you’ve spread the legs apart a bit) on a charcoal block and put your
base sheet on those. That creates an air space between the block and
the sheet, which does two things. First, it reduces the heat sink
effect of the block, so it’s easier to get the base sheet hot. And,
in heating you direct the flame at the lower edge of the base sheet,
towards that air space. The flame gasses thus travel easily under
the base sheet, heating from below. In practice, you’re flame is
still coming from the top. You’re moving the torch fairly rapidly,
perhaps in a circular motion, over most of the base sheet, around but
not directly at the bezel itself, but also outside the edges of the
base sheet at the block just next to it’s edge. That’s when the flame
gets to spread under the sheet. By balancing how much of the time is
spent heating from below in this manner, with how much time is spent
heating the top and bezel, you’ll have better control with heating
both parts evenly.

You might also try reducing the ambient lighting, so the
temperatures might be easier to judge. Silver does glow before it
melts. Also, have enough flux on the base sheet,so that there are at
least some areas where a bit of flux is heated just by the base, not
the joint between the base and bezel. the melting flux is also a
temperature indicator, so if that area of flux isn’t molten, but the
flux next to the bezel is, then you know your heat isn’t even.

Hope that helps.
Peter


#8

You will probably get a lot of tips on other ways to do this.
Here’s what works for me…

I always leave excess sterling on the base piece so I have a place
on which to hold the base with some locking tweezers which are
hanging off the edge of my bench (therefore no tripod or steel mesh
is required to hold it). This allows me to completely access the top
and bottom of the piece with my flame. I use 26 gauge fine silver
for my bezels and always heat them from the back/bottom (non-bezel
side), usually attaching them to the base with medium solder. If the
piece is to have a bale or pin on the back of the base, I will then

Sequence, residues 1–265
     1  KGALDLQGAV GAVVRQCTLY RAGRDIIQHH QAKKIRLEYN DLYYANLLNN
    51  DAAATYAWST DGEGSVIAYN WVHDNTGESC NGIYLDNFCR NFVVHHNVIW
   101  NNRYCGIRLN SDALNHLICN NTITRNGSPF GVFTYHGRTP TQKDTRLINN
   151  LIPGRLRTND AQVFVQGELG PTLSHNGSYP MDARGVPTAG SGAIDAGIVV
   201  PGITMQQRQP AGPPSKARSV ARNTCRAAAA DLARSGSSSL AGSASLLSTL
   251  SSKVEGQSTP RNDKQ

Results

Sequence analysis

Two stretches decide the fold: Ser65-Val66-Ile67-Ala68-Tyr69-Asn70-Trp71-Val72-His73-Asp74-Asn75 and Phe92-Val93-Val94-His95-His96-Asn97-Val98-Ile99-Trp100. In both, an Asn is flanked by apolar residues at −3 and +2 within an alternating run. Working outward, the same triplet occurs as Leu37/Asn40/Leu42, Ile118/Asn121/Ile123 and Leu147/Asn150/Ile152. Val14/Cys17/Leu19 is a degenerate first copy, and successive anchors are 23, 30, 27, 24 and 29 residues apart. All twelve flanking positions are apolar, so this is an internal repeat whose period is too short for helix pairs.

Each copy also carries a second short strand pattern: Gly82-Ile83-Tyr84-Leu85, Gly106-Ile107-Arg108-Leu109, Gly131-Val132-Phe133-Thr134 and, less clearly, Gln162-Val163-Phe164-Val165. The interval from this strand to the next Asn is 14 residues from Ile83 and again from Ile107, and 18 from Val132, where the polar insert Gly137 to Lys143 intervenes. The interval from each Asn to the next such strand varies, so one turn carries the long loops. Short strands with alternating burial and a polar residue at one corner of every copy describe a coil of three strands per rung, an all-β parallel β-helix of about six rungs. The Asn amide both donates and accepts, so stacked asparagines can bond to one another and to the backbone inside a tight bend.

flip the piece over (with the bezel toward the ground) and then
solder the findings to the back applying the flame to the non-bezel
side of the piece. I have yet to melt a bezel. Since the weight of
the piece is being held in the tweezers, be careful to not overheat
things or the weight of the piece can cause the back to distort or
droop when it reaches temperature.

Good luck!
Elizabeth
www.borntobeworn.com


#9

Dear Milt i have had the same problem, and I solved it by heating
from underneath but then had a problem with the piece melting to the
screen solved that by heating the piece from underneath while it
sits on a piece of stainless steel I use to roll out metal on ( I
have several dozen blanks ) any way teh technique is as follows rest
piece on the blank on your screen heat from underneath till the
solder turns shinny ( just before it flows ) when that happens
quickly bring your flame up to the top of the piece aiming the tip
of the flame at the BASE of the bezel to draw the solder through the
joint…since I started using this technique I have not melted a
bezel not even the serated edge ones and they used to give me fits
HTH Ron


#10

Hi Milt,

     Lately I have been having lots of problems accidentally
melting sterling silver bezel when trying to solder it to a
sterling silver pendant base. Anyone have any suggestions for
tomorrow's attempts? 

If I were you, I’d use fine silver bezel wire. It has a higher
melting point than sterling. It’s also much easier to push over the
stone & holds very well. I’ve never lost a stone due to the fine
silver bezel.

Dave


#11
    Lately I have been having lots of problems accidentally
melting sterling silver bezel when trying to solder it to a
sterling silver pendant base...I use a little torch oxy/propane set
up. Today I was using a number six tip, but have had the problem
when using other tips as well. 

A #6 tip is overkill. Use a #4. Use a #3 if the pendant base plate
is particularly light, 24-30 ga. Your flame should have three
distinct zones in dim light. A bright blue inner cone, followed by a
yellow cone in the middle, followed by an outer cone of blue/green.
Aim for the area between the inner and middle cone to touch the
metal, as this is the most efficient heat concentration.

    I use pripps flux and medium solder. 

Pripps is an effective firescale inhibitor, but you need to use an
additional flux. Try Batterns or Handi-Flux in addition to your
Pripps.

    ...I heat the base and the bezel from the top.  I try not to
heat the bezel directly. The bezel seems to melt just as the solder
liquefies. 

With silver, remember your whole piece has to be up to a consistent